Fair Warning by Michael Connelly [6/10]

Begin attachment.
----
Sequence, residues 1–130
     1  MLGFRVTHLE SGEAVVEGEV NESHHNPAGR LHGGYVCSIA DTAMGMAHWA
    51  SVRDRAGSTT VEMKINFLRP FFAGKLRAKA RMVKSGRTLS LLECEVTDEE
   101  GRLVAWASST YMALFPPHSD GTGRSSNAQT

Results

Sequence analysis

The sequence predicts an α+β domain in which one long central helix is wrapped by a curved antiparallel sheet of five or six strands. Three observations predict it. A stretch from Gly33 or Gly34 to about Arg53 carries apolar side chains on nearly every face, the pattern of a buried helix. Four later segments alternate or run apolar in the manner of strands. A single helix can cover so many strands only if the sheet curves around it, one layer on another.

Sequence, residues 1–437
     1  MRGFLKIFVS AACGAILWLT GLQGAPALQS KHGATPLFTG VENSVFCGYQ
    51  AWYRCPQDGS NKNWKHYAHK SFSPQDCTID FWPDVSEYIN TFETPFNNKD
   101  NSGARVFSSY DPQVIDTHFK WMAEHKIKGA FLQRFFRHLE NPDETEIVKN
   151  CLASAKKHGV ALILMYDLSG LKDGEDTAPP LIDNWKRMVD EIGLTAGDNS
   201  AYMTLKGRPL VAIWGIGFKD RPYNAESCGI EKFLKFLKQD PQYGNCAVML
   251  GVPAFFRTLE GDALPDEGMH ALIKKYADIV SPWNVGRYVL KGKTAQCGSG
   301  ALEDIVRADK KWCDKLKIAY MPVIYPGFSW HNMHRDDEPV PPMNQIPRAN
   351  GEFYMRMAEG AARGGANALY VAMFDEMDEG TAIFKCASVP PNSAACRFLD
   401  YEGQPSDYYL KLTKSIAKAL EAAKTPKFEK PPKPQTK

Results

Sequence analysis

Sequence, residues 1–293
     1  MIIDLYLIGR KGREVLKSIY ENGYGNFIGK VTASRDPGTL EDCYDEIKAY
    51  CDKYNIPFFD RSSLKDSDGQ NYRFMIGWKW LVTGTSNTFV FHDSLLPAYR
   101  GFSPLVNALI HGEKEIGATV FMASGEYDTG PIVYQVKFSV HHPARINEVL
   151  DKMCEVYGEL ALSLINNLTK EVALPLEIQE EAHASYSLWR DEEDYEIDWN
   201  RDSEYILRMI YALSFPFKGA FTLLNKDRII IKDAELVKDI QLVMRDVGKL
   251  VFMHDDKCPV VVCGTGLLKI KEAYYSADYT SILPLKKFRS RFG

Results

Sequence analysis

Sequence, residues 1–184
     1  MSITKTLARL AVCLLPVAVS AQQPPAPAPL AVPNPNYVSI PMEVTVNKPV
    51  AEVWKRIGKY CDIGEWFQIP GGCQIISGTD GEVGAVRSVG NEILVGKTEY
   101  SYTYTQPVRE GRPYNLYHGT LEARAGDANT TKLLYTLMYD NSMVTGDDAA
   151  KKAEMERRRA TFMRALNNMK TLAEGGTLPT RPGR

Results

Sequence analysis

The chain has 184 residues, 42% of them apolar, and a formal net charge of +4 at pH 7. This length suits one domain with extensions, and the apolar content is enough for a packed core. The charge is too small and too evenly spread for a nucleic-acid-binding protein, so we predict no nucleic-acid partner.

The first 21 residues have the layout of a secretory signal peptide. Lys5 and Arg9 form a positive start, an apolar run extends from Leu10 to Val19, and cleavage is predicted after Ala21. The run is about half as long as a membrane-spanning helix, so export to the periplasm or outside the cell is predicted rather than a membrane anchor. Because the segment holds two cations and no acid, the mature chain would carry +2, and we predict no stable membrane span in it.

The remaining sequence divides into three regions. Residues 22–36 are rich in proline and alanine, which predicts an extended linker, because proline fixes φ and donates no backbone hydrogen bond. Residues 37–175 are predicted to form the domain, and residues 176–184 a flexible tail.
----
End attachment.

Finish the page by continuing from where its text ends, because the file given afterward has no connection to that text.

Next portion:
Who can forget Michael Connelly’s 1996 thriller, “The Poet,” an epic, complex battle between crime reporter Jack McEvoy and a fiendish killer? In 2009 Connelly reprised McEvoy in “The Scarecrow” – that thriller was excellent without being memorable. Now “Fair Warning” sees McEvoy working for an internet corporate wrongdoing site and being suddenly thrust into a series of murders pitting himself, once more, against a remorseless, implacable killer. Look, let me tell you that Connelly is one of my favorite authors, incredibly skilled and entertaining, but as a writer, he mainly excels with his Harry Bosch character. Compared to Bosch, “Fair Warning” feels (dare I say it?) formulaic. The plot (deviant use of DNA data) fascinates, Connelly is always an entertaining, capable stylist, and the pacing is meticulous, but nonetheless, this reader enjoyed, but was not riveted by, the reading experience. For Connelly completists but not a pertinent entry point for new readers to his extensive oeuvre.

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